“When you arrive at a race weekend, you need to get straight into the results, and that’s the most important thing. I think it’s a combination. It’s not like the lap time I was doing in the simulator, for example, she didn’t even look at it because for me, it’s not really important. The job I was able to do for the race weekend was all information I was able to give to develop the car. I think that’s what made the choice and the engineers as well. They gave their feedback to Susie, so they were pushing, I would say, on my side.”
RW: You’re not a rookie in terms of racing, but in terms of being a Formula E driver, you are. It will be your first season and, as we’ve seen, it’s been tough for drivers new to the championship. Has Susie sent you any targets, any goals for your first season?
Nato: “To be honest, we didn’t talk about goals yet. For me, it was really important to work with the team and not really think about results right away, because if you’re able to prepare your season and do a good job then results will come.
“I know it’s going to be difficult. You know, a guy like, Nyck de Vries, for example, who’s has been so successful in the past in Formula 2 and other series; he showed some really good pace, but at the end, in terms of results, the championship was quite far away, but he did a strong first year.
“Like for sure if you want to dream, we’ll say I will fight for the top three! …but I don’t like to fix things like targets. The target I’m fixing to myself is to work as hard as I can, to do the best I can, and to have no regrets at the end of the season.”
RW: That’s good to hear! One of the things I think Felipe struggled with a little bit last season is energy management. He was often quick, but the results didn’t come, partly because of that. Do you think your background in endurance racing makes you better equipped to adapt to that?
Nato: “I’m pretty sure it will. You can see guys like Sebastian Buemi, Jean-Eric Vergne [Vergne], [Antonio Felix] da Costa; there are a lot of good drivers in Formula E who are doing endurance racing next to that and they are quite successful.
“I’m pretty sure it will help, but I know that to be fast for one lap for qualifying is something, but Formula E is not about that. It’s to be able to be fast during the race and avoid mistakes and be able to manage your energy.
“That’s for sure something we are already working on in the simulator. It’s not about being fast, but being able to understand, being able to play with all the tools I have on the steering wheel to just save as much as energy as I can and be one of the fastest on track.”
RW: In your test and reserve role, you’ve been in the simulator a lot and you’ve worked with the engineers. What’s the main thing that you think you’ll learn from that which would give you an advantage, maybe over someone new to the team?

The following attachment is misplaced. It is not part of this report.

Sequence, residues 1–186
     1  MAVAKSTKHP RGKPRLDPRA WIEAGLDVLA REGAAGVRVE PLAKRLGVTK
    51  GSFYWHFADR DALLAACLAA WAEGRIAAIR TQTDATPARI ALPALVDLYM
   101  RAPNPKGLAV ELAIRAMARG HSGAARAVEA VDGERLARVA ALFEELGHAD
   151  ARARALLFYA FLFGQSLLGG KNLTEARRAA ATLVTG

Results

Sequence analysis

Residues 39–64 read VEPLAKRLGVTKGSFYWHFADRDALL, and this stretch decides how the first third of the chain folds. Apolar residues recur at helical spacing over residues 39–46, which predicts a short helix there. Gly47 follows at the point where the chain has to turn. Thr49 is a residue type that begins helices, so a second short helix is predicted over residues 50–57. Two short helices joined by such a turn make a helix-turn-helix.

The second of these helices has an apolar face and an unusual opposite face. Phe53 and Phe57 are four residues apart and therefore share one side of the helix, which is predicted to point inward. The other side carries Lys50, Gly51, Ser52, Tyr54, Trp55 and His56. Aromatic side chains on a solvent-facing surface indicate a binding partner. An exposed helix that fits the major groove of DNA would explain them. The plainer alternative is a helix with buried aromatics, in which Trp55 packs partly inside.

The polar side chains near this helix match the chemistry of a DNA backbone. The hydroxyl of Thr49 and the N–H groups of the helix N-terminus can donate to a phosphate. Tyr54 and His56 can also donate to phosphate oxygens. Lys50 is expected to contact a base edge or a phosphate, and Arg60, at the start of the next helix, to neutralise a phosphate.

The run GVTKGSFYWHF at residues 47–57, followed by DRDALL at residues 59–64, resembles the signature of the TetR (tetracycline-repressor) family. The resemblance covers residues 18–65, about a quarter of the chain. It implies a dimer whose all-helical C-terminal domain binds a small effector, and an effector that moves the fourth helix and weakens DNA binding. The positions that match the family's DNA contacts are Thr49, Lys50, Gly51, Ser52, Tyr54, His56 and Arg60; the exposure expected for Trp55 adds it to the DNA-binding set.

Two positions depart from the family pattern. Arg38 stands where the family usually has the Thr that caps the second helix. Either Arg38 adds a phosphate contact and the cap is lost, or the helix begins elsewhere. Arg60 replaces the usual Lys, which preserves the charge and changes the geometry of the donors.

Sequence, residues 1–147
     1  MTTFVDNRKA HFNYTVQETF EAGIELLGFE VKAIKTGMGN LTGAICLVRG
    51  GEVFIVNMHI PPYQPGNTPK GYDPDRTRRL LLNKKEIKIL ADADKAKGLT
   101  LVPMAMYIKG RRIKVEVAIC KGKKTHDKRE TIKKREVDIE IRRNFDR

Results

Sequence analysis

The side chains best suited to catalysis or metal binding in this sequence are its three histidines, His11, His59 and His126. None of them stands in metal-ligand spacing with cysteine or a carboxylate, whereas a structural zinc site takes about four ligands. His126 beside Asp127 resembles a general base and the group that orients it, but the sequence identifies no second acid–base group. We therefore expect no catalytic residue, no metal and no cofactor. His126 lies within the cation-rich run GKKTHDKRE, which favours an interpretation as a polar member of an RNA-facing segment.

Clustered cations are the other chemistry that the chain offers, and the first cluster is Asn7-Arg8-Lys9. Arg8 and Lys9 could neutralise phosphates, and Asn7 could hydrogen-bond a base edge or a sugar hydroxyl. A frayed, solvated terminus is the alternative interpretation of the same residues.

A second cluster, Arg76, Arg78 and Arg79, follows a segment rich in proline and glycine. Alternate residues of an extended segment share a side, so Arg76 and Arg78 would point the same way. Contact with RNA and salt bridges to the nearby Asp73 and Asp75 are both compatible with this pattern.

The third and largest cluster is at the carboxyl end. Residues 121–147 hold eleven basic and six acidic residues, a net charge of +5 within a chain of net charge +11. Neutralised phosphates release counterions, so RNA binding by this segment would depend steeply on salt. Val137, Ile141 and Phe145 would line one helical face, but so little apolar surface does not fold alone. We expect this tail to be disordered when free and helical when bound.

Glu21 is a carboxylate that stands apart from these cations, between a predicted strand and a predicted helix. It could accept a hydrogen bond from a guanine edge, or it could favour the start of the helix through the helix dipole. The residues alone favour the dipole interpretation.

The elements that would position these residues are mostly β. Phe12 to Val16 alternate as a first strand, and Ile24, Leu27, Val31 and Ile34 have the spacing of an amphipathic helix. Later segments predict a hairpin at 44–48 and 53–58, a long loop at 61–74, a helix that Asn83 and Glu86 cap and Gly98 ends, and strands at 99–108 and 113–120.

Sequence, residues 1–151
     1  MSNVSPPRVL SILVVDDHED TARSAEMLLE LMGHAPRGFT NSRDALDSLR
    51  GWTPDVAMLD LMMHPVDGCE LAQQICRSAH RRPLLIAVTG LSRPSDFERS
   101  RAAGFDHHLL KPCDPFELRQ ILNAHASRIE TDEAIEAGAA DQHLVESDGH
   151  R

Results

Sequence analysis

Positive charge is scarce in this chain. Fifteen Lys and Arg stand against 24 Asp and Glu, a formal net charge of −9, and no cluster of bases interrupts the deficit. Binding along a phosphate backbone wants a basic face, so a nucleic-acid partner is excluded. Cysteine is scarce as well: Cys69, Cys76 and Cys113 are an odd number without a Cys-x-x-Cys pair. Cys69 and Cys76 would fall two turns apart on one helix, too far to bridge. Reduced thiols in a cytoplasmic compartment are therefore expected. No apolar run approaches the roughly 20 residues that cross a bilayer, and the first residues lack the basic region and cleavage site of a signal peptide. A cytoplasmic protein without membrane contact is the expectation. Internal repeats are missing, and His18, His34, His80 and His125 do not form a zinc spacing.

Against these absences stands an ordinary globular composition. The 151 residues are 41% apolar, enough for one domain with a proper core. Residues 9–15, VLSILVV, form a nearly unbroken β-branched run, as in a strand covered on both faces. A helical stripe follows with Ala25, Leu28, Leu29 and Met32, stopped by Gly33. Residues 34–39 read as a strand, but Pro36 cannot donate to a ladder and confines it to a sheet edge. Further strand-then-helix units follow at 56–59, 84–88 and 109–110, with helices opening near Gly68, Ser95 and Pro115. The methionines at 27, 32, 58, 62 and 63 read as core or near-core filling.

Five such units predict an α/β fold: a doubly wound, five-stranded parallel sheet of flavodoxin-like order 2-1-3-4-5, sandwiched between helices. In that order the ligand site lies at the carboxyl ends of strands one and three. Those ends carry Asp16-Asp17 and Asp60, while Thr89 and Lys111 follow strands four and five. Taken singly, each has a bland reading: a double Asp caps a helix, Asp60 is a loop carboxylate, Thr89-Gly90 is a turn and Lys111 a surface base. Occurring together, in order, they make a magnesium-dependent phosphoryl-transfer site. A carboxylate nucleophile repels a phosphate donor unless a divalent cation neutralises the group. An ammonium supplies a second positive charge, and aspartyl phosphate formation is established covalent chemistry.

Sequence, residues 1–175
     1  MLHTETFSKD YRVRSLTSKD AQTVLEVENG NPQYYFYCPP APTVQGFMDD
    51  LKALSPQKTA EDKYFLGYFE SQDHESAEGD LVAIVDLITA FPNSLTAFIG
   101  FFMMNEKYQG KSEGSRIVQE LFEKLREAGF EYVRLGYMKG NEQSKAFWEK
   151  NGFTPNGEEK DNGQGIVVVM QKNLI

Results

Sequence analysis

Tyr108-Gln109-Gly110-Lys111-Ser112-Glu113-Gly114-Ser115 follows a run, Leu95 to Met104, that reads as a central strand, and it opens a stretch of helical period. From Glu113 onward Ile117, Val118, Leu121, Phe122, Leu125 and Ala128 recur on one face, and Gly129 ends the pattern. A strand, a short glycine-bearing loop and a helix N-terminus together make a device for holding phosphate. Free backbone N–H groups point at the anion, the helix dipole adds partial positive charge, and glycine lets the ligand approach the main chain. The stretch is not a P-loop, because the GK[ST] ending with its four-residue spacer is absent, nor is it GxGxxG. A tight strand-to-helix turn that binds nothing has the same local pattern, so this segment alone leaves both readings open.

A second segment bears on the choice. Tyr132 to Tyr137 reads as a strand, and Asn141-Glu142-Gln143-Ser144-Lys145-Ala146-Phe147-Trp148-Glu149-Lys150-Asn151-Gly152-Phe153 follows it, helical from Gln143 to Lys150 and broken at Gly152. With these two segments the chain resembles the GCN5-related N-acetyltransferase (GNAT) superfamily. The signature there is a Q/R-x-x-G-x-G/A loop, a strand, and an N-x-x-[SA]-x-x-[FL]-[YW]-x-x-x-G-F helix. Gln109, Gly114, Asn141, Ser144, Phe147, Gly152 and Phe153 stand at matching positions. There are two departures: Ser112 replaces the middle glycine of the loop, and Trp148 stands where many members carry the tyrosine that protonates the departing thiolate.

Nato: “I would say to know the systems, to know the development, it’s going to be the second season that we’re working with Mercedes, so it’s always good to be there from the beginning.
“I know what improvements we’ve made, I know the guys behind me and everything else, I know how the team works in the championship. The pressure is still quite high, so I know I need to work hard.”
RW: I remember one of the reasons Susie chose Edoardo Mortara to partner Felipe is that she felt they’d compliment each other and work well, have a good relationship. What’s your relationship like with Edo?
Nato: “So far we have a good relationship. We’ve been playing a lot of doubles tennis together when he comes to Monaco and we are actually teammates as well when we’re playing! So it’s already a good point, but then the target is to work together because the successful teams in Formula E, are able to work together.
“But the main target – and one of my goals is to be the best driver in Formula E, so if I want to be one of the best then I have to beat my teammate, too. But if I do, it will be fair, it will be on track and not by playing games in the team, that’s not the target.”
RW: You live in Monaco, so there are a few guys on the grid who must be neighbours of yours, and a few of these guys you’ve already raced in GP2. What’s your relationship with the other guys on the grid?
Nato: “Well, I see them a lot to be honest. I see Stoffel like every week, Mitch, pretty much the same. Stoffel I’ve known since we started together in Formula 4, and we did all our single seater years together. He went to Formula 1, I didn’t, but we did all the [junior] series together. So Stoffel is a really, really good friend. Mitch as well, he’s a good friend now. We raced together in Formula 2 and it’s the same with Oliver [Rowland].
“They are guys I really respect and there is respect between all of us, because obviously for many years we have been fighting on track, but we are always friends.”